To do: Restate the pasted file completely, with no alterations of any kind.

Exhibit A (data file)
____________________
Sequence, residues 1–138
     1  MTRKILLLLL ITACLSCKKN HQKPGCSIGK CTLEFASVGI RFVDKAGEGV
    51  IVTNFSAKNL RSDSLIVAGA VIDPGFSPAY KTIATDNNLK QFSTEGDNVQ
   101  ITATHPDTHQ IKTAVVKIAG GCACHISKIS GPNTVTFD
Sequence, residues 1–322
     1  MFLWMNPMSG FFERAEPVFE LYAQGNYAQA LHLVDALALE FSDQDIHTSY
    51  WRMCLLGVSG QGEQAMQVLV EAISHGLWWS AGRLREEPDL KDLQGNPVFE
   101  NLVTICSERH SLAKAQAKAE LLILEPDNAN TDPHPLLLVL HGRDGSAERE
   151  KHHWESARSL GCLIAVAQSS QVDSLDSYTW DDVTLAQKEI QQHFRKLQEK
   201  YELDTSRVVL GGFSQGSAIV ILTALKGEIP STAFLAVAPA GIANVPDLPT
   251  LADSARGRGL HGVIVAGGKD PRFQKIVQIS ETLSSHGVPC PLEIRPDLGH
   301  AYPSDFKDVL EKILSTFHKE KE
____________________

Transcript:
Sequence, residues 1–138
     1  MTRKILLLLL ITACLSCKKN HQKPGCSIGK CTLEFASVGI RFVDKAGEGV
    51  IVTNFSAKNL RSDSLIVAGA VIDPGFSPAY KTIATDNNLK QFSTEGDNVQ
   101  ITATHPDTHQ IKTAVVKIAG GCACHISKIS GPNTVTFD
Sequence, residues 1–322
     1  MFLWMNPMSG FFERAEPVFE LYAQGNYAQA LHLVDALALE FSDQDIHTSY
    51  WRMCLLGVSG QGEQAMQVLV EAISHGLWWS AGRLREEPDL KDLQGNPVFE
   101  NLVTICSERH SLAKAQAKAE LLILEPDNAN TDPHPLLLVL HGRDGSAERE
   151  KHHWESARSL GCLIAVAQSS QVDSLDSYTW DDVTLAQKEI QQHFRKLQEK
   201  YELDTSRVVL GGFSQGSAIV ILTALKGEIP STAFLAVAPA GIANVPDLPT
   251  LADSARGRGL HGVIVAGGKD PRFQKIVQIS ETLSSHGVPC PLEIRPDLGH
   301  AYPSDFKDVL EKILSTFHKE KE